A new survey of inmates offers fresh insight into the demographics and risk behaviors of detainees in New South Wales prisons. Among key findings:
- The average prisoner was male, age 35, and an English speaker.
- Indigenous people were disproportionately represented among inmates.
- Only one of 996 inmates surveyed was HIV-positive. Five others erroneously believed they were infected.
- One in three inmates was positive for hepatitis C; one in four was positive for hepatitis B.
- One in three prisoners had used drugs while incarcerated; half said it was "easy" to acquire drugs in prison.
- Methamphetamine use was reported by 42 percent of prisoners.
- Three-quarters of inmates smoked, but most said they would like to quit.
- One in six detainees was aware of a sexual assault in prison in the past year.
- More than half the prisoners had suffered a serious head injury.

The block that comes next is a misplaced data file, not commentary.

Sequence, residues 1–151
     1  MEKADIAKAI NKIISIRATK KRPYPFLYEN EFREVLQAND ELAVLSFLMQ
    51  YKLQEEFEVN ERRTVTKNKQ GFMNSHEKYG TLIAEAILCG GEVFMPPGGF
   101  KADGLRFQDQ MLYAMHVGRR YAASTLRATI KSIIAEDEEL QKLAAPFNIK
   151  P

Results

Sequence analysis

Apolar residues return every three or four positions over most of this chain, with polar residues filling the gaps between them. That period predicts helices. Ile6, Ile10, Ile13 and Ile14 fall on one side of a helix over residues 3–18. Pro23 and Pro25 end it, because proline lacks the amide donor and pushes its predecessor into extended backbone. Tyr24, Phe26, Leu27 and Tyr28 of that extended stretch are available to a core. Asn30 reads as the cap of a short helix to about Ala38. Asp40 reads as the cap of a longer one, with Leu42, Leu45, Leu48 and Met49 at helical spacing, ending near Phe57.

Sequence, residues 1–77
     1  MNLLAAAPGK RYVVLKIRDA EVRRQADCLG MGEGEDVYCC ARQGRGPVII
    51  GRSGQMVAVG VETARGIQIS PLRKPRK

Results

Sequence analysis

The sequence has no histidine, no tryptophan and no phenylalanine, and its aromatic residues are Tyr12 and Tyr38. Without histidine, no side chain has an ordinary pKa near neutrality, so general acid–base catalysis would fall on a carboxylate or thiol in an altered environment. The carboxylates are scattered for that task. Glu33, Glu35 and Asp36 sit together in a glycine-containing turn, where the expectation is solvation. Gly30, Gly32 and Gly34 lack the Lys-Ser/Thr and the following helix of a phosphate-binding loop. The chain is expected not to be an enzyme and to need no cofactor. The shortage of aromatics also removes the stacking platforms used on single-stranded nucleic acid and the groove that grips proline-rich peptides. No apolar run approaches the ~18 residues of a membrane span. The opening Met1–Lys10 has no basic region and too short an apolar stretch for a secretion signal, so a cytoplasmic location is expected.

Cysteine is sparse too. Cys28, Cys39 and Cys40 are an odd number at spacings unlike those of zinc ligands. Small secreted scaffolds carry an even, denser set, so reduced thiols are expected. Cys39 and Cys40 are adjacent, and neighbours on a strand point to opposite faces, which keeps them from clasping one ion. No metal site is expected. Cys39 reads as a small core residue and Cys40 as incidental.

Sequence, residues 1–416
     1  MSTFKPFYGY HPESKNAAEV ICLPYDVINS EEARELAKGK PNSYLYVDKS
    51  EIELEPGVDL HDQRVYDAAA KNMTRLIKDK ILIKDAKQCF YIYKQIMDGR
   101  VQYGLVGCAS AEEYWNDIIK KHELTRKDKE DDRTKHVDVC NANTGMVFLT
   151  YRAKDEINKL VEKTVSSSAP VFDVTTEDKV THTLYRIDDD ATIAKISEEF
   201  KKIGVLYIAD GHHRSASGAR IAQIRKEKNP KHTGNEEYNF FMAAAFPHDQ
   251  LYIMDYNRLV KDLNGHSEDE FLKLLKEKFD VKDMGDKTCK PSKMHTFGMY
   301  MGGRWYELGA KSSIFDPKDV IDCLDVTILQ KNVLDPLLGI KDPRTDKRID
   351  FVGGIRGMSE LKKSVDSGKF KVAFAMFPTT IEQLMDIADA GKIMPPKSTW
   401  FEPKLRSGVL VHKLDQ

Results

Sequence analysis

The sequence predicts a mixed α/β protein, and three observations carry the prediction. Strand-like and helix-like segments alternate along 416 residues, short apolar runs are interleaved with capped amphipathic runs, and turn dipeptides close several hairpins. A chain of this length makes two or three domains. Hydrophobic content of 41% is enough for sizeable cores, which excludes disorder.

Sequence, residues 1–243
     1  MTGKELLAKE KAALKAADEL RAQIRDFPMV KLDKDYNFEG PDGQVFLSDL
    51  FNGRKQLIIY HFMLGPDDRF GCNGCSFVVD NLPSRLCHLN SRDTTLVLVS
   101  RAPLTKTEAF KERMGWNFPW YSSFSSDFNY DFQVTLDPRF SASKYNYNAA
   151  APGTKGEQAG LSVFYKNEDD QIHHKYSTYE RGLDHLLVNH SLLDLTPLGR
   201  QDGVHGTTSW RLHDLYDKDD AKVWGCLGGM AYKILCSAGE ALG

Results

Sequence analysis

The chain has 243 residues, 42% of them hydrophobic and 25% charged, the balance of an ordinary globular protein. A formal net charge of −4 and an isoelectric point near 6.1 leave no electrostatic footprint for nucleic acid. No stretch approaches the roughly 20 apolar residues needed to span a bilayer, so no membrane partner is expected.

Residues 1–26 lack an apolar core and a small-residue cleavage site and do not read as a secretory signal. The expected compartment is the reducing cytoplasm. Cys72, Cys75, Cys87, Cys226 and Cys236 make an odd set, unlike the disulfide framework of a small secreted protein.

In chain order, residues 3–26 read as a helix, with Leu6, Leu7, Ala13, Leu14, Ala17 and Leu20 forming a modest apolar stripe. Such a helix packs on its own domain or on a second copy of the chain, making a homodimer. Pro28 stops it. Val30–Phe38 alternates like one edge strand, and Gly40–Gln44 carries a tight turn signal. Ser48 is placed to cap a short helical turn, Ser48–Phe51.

- About half the inmates reported having been expelled from school, were unemployed before they were incarcerated, had injected drugs, and were intoxicated when they committed their crime.
- One-third of males and 43 percent of females suffered from depression; one in five had attempted suicide at some point; and two-fifths had had no visitors in the preceding month.
Still, the latest figures evidenced improvements in prison conditions since the last survey, in 2001.
Rhonda Booby of the Department of Corrections credited the improvements to better case management and rehabilitation programs. Yet while visitor screening and canine surveillance have helped reduce the flow of drugs into prisons, widespread addiction makes further gains difficult, she said.
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This article was provided by CDC National Prevention Information Network. It is a part of the publication CDC HIV/Hepatitis/STD/TB Prevention News Update.